Stories about: anxiety

Eating disorders affect boys, gay and lesbian youth

“When asked to conjure an image of a patient living with an eating disorder, I imagine many people picture a young, thin woman. This reflects two common stereotypes: that eating disorders only affect women, and that all people with eating disorders are low-weighted. In fact, clinical experience and an evolving field of research show that many males struggle with eating disorders,” says Scott Hadland, MD, MPH, fellow in Adolescent Medicine at Boston Children’s Hospital.

Similarly, parents and health care providers may see gay, lesbian and bisexual youth in terms of their sexual identities and forget that these teens may face body image and weight control issues as well.

Two recent studies published by researchers at Boston Children’s debunk these stereotypes and may change the way parents and providers think about eating disorders and risky weight control behaviors in all teens.

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VIP treatment for kids with urinary issues

The Voiding Improvement Program (VIP) at Boston Children’s Hospital helps kids overcome a wide variety of urinary problems, including difficult toileting issues like daytime and nighttime bathroom accidents and urinary tract infections. Here’s a look at how the VIP can help your children.

Boston Children’s Hospital Voiding Improvement Program (VIP) is available in Boston, Peabody, Waltham and Weymouth. To learn more, visit the program’s website. Also, check Thriving in the coming weeks for a post on how parents and doctors work together to help kids overcome daytime and nighttime wetting issues.

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Millions of children have mental health disorders while treatment budgets shrink

When feeling stressed out by the hectic pace of modern life, it’s easy to get wistful for the carefree days of youth—when it seemed the only thing we had to worry about was getting along with the other kids in the neighborhood.

But according to a first-of-its-kind report from the Centers for Disease Control and Prevention on childhood mental health, those days are gone or may never even have existed for a huge portion of America’s children.

Analyzing data collected over the past six years, the report shows that millions of kids—as many as one in five—are currently living with some form of mental health disorder. Attention deficit disorder is the most prevalent condition reported, affecting more than 4 million kids nationwide, but other behavioral issues such as anxiety and depression also were heavily documented, affecting 2.2 and 1.8 million children respectively.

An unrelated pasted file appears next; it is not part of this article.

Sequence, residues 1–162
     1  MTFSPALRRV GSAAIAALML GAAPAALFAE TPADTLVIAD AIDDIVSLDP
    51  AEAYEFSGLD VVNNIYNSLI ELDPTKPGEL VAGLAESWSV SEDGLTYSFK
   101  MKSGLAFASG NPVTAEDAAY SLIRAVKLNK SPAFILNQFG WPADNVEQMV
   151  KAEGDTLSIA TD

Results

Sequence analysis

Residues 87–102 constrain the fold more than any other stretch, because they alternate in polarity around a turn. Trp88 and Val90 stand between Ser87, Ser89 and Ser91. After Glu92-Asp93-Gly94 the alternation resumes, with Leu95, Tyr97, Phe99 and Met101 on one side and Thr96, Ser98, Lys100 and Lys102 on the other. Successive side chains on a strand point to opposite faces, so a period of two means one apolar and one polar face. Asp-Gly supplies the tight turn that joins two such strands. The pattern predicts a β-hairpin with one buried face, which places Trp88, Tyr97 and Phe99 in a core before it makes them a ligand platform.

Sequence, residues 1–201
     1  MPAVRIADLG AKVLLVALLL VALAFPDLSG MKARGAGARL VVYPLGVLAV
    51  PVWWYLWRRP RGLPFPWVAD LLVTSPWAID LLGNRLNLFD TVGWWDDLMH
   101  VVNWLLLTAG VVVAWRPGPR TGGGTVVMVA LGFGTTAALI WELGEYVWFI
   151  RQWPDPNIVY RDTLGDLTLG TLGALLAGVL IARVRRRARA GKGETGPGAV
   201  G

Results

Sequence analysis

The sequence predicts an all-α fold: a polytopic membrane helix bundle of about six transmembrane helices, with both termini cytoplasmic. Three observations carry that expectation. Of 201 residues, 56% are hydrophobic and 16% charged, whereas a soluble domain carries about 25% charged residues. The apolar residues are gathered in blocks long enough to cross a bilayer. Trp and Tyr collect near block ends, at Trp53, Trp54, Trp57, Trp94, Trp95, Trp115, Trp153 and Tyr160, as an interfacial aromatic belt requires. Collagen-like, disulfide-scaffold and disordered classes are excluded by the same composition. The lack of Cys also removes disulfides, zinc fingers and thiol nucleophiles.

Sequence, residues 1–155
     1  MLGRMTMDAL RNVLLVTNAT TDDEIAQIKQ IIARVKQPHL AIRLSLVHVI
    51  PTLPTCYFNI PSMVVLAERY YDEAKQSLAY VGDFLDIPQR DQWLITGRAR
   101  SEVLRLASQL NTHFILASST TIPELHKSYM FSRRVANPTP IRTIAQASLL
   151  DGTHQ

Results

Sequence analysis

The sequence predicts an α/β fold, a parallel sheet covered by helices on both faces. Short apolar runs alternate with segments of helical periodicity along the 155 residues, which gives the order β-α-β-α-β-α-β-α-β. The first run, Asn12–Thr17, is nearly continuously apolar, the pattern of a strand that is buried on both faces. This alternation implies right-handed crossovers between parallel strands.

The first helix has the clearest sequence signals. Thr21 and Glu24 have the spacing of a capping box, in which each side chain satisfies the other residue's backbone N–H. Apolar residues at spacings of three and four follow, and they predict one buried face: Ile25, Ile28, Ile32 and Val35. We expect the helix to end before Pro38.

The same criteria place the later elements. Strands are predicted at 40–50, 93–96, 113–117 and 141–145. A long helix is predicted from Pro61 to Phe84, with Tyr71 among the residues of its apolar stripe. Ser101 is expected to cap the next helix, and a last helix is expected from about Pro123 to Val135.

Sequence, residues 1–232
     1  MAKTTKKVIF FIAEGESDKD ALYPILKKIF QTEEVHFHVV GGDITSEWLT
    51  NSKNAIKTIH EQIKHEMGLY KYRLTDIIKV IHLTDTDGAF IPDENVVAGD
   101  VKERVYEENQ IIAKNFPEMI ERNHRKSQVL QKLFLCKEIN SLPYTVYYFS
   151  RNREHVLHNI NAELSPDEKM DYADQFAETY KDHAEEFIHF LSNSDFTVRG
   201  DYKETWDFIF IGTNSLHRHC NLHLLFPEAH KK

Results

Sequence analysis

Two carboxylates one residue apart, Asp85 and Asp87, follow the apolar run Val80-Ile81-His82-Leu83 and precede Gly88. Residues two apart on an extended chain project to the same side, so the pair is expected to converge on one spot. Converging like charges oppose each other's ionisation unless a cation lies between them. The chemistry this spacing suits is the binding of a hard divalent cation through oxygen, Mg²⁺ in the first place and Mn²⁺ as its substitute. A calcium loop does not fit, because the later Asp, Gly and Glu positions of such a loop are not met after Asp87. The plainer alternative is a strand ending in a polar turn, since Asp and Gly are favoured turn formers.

While it’s unclear whether or not the numbers in the report mean that these conditions are really more common in kids today, or if parents, clinicians and teachers are just getting better at identifying them, the bottom line is clear: the issue of mental health disorders in American children is too big to ignore.

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The science of stress

Adolescence is a hard time for just about everyone. School pressure, changing relationships, craving the independence of adulthood while clinging to the security of childhood; it can all lead to a lot of emotional turmoil. But while the stress of growing up may be almost universal, how teens handle it varies wildly.

Data shows that poor reaction to stress can lead to the onset of mental illnesses and associated problems like substance abuse or antisocial behavior. In many cases, the first signs of these disorders surface when the person is feeling stressed. Research also shows that adolescents who have experienced trauma or adversity when they were younger, like the death of a close relative or abandonment by a parent, are more likely to have mental health issues triggered by stress, compared to people who have never faced that kind of hardship.

Even though there’s plenty of research linking stress and early adversity to mental disorders, there are very few studies looking at how the two are connected. Why does early life adversity or trauma make some people more prone to mental illness, especially when dealing with stressful situations? And if warning signs are identified early enough, can these problems be avoided? These are questions Boston Children’s Hospital researcher Kate McLaughlin, PhD, is trying to answer. McLaughlin, along with Margaret Sheridan, PhD, are analyzing how teenagers’ brains react to stress. The project involves over 200 adolescents, some with mental health issues and some without, as well as teens who have experienced early life adversity and others who haven’t.

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